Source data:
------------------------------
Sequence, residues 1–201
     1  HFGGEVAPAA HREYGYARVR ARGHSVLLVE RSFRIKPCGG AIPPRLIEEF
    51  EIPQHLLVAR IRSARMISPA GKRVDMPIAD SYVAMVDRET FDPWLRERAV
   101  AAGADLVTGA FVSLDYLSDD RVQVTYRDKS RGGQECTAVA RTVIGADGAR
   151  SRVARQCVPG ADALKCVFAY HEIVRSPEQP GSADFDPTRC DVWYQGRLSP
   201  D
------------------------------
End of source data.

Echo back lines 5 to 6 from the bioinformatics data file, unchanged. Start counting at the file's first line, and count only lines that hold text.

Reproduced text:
   151  SRVARQCVPG ADALKCVFAY HEIVRSPEQP GSADFDPTRC DVWYQGRLSP
   201  D